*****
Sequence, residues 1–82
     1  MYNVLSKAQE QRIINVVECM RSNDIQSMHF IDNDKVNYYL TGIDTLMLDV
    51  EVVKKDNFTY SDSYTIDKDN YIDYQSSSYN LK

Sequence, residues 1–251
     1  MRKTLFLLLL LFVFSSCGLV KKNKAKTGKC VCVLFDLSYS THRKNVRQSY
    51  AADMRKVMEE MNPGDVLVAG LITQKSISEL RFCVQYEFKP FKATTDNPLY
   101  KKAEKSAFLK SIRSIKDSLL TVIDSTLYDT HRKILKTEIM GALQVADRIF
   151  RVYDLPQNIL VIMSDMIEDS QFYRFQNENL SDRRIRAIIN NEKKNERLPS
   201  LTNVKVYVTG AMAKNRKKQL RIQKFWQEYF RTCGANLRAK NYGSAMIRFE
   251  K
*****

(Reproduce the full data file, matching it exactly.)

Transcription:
Sequence, residues 1–82
     1  MYNVLSKAQE QRIINVVECM RSNDIQSMHF IDNDKVNYYL TGIDTLMLDV
    51  EVVKKDNFTY SDSYTIDKDN YIDYQSSSYN LK

Sequence, residues 1–251
     1  MRKTLFLLLL LFVFSSCGLV KKNKAKTGKC VCVLFDLSYS THRKNVRQSY
    51  AADMRKVMEE MNPGDVLVAG LITQKSISEL RFCVQYEFKP FKATTDNPLY
   101  KKAEKSAFLK SIRSIKDSLL TVIDSTLYDT HRKILKTEIM GALQVADRIF
   151  RVYDLPQNIL VIMSDMIEDS QFYRFQNENL SDRRIRAIIN NEKKNERLPS
   201  LTNVKVYVTG AMAKNRKKQL RIQKFWQEYF RTCGANLRAK NYGSAMIRFE
   251  K